Congressional candidate Tom McClintock stops in Susanville
A small crowd of Lassen County residents met at the hall for the 9:30 a.m. conference, a local visit from the candidate that would only be his second to the area. One of the issues discussed in the two-hour conference was the strong criticism that he has received for running for office to represent a district in which he has not only never resided, but also rarely visited.
McClintock said the criticism from the opposition and the label of carpetbagger has not hurt his campaign. He said despite the controversy, everyone in Lassen County has welcomed him with open arms, "making it clear that they care more about where a candidate stands on the issues than where a candidate lives."
Neither the U.S. Constitution nor California law requires that candidates for Congress live in the district that they represent. McClintock said he has been on the ballot in this district seven times, and that he does, in fact, “know the district very well.” He said several local groups approached him, asking him to run in the primary election, and he agreed, stating, “This district is ground zero to take back our Congress.”
He stumped the virtues of Republican principles to the small audience, of limited government and his adherence to the administration of the Reagan years while most other Republicans have “betrayed it.”
Among the issues mentioned in his speech, McClintock said that he feels strongly about immigration. He said that a border fence must be secured, that government must get serious about sanctions on employers, and that those who “support illegals simply want America to become Mexico.”
On the issue of oil and rising gas prices, McClintock said the United States has massive oil reserves in the Arctic tundra and the Gulf of Mexico, and that the only thing standing in the way of exploring those resources is the United States Congress and environmentalists. McClintock jabs at what he calls “the quasi-religion of environmentalism,” criticizing issues such as global warming and the greenhouse effect. He refers to the greenhouse effect as “junk science,” and global warming as a “non issue,” saying that environmentalism has simply become “the mantra of the left.” He strongly supports a change in the country’s current policies against offshore drilling, dismissing the concerns of environmental groups, such as protecting and preserving marine ecosystems, in the name of claiming more oil reserves for the U.S..
McClintock said he feels that Lassen County has some of the best natural resources in the country, and that it’s a crime for our current government to forbid us to access these resources, adding that he would like people to “look back on this era to say that our generation has restored our resources.” He expressed concern over the issues of government spending, borrowing, and the current $260 billion budget deficit, saying that past Republicans in Congress did not put a stop to spending, which he would like to change.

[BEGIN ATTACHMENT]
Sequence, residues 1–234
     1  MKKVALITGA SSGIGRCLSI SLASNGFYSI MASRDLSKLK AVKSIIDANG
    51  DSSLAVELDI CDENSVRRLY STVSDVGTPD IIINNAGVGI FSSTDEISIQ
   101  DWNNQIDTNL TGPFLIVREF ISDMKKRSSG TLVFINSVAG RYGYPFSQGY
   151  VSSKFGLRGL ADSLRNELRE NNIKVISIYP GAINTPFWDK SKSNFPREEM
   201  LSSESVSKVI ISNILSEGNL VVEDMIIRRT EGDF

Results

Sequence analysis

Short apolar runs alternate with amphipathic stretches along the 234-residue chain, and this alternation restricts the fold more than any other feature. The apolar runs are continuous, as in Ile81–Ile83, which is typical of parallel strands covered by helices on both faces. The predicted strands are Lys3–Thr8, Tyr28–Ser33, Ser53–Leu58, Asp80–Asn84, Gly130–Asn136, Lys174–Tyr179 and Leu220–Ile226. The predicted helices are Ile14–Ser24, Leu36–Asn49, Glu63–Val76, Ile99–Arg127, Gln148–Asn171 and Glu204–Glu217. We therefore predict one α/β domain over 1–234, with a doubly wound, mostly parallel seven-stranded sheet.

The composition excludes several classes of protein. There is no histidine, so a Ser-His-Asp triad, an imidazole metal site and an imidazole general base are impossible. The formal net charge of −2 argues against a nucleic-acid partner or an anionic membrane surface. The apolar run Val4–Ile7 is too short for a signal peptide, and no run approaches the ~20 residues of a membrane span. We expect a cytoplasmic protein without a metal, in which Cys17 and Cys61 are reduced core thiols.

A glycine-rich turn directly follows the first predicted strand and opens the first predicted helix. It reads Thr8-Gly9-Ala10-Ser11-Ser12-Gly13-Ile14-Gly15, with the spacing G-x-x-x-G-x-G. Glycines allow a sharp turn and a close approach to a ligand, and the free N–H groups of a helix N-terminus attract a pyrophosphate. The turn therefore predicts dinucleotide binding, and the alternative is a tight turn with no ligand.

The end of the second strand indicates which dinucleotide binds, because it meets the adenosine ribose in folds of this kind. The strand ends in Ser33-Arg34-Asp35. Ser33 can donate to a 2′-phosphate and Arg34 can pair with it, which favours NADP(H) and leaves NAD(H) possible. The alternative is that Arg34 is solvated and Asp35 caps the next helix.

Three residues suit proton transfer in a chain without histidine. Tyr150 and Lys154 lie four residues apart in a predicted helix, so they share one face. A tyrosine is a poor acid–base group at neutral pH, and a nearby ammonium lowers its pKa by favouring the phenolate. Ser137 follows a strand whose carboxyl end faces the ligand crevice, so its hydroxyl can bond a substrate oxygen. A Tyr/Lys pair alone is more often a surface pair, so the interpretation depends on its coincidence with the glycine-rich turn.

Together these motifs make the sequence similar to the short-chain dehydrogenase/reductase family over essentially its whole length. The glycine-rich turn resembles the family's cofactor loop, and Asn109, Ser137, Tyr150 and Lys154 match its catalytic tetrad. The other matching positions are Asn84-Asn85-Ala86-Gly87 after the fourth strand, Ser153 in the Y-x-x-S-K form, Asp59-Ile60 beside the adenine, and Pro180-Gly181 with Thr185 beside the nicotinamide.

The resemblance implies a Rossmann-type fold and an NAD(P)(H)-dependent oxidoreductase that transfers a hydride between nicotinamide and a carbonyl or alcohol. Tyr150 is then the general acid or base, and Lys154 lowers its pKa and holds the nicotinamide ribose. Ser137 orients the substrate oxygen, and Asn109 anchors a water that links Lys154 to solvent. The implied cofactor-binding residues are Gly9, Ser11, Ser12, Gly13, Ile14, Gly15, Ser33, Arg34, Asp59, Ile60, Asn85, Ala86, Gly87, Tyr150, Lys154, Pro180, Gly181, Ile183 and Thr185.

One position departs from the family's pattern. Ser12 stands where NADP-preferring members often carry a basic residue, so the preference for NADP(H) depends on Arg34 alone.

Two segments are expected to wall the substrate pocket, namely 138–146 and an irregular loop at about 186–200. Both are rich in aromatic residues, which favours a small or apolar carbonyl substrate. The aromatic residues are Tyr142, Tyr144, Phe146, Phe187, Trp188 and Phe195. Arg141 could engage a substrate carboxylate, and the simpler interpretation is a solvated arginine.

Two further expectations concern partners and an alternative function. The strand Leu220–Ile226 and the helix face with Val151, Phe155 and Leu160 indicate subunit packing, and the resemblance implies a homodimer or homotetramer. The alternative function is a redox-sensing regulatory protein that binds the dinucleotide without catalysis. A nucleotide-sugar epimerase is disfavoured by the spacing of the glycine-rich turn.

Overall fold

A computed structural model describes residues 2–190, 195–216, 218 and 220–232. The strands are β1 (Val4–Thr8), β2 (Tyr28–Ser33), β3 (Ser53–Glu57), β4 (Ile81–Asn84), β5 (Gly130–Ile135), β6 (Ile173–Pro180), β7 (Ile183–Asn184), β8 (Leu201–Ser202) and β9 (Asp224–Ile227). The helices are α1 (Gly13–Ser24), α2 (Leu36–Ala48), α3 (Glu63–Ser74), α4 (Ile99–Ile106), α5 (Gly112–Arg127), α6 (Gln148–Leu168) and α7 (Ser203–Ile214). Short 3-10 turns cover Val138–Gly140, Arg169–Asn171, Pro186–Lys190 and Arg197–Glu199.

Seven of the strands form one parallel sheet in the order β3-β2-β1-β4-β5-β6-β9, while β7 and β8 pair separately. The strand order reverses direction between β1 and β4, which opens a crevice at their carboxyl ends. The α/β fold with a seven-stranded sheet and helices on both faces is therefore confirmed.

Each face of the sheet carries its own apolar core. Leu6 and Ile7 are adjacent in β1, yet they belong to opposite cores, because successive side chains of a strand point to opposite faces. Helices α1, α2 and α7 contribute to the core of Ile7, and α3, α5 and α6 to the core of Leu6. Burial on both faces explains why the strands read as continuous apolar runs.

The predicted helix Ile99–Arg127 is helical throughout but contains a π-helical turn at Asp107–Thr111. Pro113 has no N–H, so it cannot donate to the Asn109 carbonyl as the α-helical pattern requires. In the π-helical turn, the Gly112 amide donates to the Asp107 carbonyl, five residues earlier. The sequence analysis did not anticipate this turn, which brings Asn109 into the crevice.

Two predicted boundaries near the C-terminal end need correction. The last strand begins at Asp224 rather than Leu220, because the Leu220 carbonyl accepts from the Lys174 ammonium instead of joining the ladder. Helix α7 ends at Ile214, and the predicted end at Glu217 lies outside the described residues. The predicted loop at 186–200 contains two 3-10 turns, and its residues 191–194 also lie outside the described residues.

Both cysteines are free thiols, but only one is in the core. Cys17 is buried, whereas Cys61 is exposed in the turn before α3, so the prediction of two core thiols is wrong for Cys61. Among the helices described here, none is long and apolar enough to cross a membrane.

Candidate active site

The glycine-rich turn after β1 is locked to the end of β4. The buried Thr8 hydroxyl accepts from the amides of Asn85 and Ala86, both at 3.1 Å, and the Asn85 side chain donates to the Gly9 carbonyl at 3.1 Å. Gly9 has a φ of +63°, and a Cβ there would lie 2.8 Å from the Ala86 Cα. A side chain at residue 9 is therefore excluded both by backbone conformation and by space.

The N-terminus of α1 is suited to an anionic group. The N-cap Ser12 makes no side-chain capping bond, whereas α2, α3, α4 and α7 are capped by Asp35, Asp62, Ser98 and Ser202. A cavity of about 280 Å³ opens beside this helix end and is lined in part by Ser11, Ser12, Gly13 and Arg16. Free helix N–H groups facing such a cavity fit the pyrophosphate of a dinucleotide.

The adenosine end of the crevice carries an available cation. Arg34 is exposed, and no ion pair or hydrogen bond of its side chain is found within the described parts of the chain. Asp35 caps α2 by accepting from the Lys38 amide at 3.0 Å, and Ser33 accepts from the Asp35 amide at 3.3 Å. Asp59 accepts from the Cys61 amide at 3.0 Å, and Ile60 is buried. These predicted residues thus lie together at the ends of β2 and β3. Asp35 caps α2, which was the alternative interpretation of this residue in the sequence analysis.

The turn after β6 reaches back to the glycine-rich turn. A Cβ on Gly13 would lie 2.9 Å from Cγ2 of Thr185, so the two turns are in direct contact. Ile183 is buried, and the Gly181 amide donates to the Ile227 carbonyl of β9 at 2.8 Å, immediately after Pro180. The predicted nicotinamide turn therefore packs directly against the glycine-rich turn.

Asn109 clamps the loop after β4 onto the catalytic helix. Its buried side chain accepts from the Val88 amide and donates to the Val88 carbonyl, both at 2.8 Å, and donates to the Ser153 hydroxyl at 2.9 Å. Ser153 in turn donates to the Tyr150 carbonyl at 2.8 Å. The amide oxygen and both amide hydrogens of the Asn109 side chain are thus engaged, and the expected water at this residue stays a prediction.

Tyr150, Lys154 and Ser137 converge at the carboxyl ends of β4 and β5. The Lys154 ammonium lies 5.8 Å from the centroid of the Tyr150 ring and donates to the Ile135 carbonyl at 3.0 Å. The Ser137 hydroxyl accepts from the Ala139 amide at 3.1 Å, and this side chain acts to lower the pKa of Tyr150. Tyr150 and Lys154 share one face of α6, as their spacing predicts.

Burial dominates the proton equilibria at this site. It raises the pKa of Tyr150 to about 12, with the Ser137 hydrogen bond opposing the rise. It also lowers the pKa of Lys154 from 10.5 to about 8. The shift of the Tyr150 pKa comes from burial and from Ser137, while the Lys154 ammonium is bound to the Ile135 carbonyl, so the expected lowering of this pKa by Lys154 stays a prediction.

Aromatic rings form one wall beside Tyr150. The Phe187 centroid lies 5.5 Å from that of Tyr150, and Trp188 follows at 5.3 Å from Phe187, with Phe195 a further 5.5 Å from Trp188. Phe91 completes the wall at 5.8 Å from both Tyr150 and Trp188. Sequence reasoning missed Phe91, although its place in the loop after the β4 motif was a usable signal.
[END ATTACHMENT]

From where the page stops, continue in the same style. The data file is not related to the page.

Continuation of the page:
McClintock dismissed the validity of wind energy, questioning its efficiency, and said that he “would support the building of hydroelectric dams for energy.” He said in terms of an energy crisis, it is current government that is the source of the problem, that government needs to simply “get out of the way.”
He is critical of ethanol as an alternative to gasoline, pointing out that the amount of land it would take to produce the corn needed for fuel would not only be almost impossible, but would also raise the cost of food. He credits the ideas behind ethanol as one more of the “idiotic policies of environmentalists.”
McClintock has been publicly criticized for straying far from the Reaganesqe budget-conscious conservative that he claims to be, and also for running for office in a district in which he has never even resided.
The Sacramento Bee, San Diego Union Tribune, and Los Angeles Times have all recently run stories criticizing his acceptance of hundreds of thousands of dollars of tax-free subsidies, money meant for legislators who live far from the Capitol, who must maintain a second residence in Sacramento for when the Legislature is in session. A loophole in California state law has allowed McClintock, who lives full time in a residence a mere 14 miles from the Capitol, to collect these per diem payments. McClintock makes no apologies for this, stating that the house he claims as his primary voting residence in Thousand Oaks (which is actually the residence of his mother) is his second home, necessary for district visits. His opponents argue that there are no apparent costs for this second home for McClintock to justify the almost $40,000 a year in taxpayer money he is collecting.
McClintock is currently serving his last term as senator for Ventura County, where he is being termed out after 12 years. He is running against Sacramento resident and Republican Doug Ose, a former three-term GOP Congressman from the 3rd District, and Democrat Charlie Brown, a district resident and retired Air Force Lieutenant Colonel who lost to current district Rep. John Doolittle in 2006.
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